– 36 Rock Anchor Points installed for fishers to tie themselves onto have been installed at high risk rock fishing locations on the south coast including: Esperance & Surrounds, Salmon Holes in Albany
– 21 locations have been established between Esperance and Carnarvon where the public can borrow 150 free life jackets.
• Recfishwest, under a contractual arrangement with the WA Department of Fisheries, leads the fishing safety program ‘Fish and Survive’ in WA, which aims to change behaviour of fishing safety through public awareness, promotion and communication of safety, and installation of safety equipment at high risk fishing locations across WA
• The Government has funded the program $140,000/yr for the next three years in a bid to reduce fishing related drownings and incidents.

Fish and Survive This Abalone Season

MEDIA RELEASE

November 3, 2016
Fish and Survive This Abalone Season
Recfishwest and Surf Life Saving WA are urging people to remain mindful of the conditions and take personal responsibility for their actions through the abalone season which begins this Sunday, November 6.

The popular West Coast Zone Abalone season sees thousands of fishers take to the inshore reefs around the metropolitan coastline, during the one-hour fishing periods from 7am-8am on the first Sunday of each month until March. Recfishwest Chief Executive Officer Dr Andrew Rowland said Abalone is one of the most sought after shellfish with over 17,000 licence holders taking part in the fishery last year.

“We urge Abalone fishers to exercise caution whilst fishing and to be aware of the weather conditions,” Dr Rowland said.
“An early Abalone fishing session is a great way to spend the morning with the family as long as it is carried out safely.’’

The Abalone season is stretched out over several months and allows for plenty of opportunities for people to get out and fish for them.

“Quite simply, if the weather is unfavourable or you’re unsure of your ability in the water during rough conditions, don’t risk your life and go next month when the weather may be better,” Dr Rowland said.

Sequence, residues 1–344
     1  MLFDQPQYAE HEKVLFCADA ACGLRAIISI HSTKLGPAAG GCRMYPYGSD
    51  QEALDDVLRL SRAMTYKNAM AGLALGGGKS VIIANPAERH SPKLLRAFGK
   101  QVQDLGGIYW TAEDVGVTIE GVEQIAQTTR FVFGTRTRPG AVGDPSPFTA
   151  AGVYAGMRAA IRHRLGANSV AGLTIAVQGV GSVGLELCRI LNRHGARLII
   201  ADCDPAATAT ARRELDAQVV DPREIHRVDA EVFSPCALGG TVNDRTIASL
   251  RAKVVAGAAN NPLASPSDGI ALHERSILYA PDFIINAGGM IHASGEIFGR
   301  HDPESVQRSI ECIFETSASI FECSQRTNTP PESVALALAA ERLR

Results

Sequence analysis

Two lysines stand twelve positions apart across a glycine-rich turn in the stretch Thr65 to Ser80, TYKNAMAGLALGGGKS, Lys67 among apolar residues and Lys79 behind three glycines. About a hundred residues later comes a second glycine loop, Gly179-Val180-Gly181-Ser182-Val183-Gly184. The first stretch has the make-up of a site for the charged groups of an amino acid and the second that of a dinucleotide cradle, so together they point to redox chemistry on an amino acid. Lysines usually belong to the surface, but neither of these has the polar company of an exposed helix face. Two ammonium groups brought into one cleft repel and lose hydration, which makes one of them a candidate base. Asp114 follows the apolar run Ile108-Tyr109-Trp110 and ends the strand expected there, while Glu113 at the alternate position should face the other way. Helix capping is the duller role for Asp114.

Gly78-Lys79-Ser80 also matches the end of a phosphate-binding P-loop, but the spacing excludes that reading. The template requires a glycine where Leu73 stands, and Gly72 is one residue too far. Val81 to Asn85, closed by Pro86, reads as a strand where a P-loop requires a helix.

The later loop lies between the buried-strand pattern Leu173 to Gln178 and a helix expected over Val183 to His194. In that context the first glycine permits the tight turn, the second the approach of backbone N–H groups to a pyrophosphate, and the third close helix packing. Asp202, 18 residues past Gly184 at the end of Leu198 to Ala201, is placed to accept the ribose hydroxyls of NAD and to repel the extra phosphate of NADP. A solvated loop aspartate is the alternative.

A number of Surf Clubs with the support of Surf Life Saving Western Australia (SLSWA) will be putting on additional services for Sunday’s season opening, including the Wesfarmers Jetski response teams, while the Westpac Lifesaver Rescue Helicopter will cover key locations to watch over fishers.  Despite these extra services, SLSWA General Manger Chris Peck warns fishers not to be complacent.

“Since 2012 there have been 3 deaths while abalone fishing and in the past 3 years surf lifesaving services have had to perform 42 rescues of abalone fishers – an alarmingly high number for this one recreational activity,” Mr Peck said.

“Traditionally we will also see cases of hypothermia, or be required to perform resuscitations having retrieved fishers from the water where they may have been washed off the rocks. We urge fishers to consider their own lives, and the lives of those tasked to rescue them, before putting themselves and our volunteer lifesavers in dangerous situations for the sake of catching their quota of Abalone.”

Recfishwest and SLSWA have offered these tips for all Abalone fishers: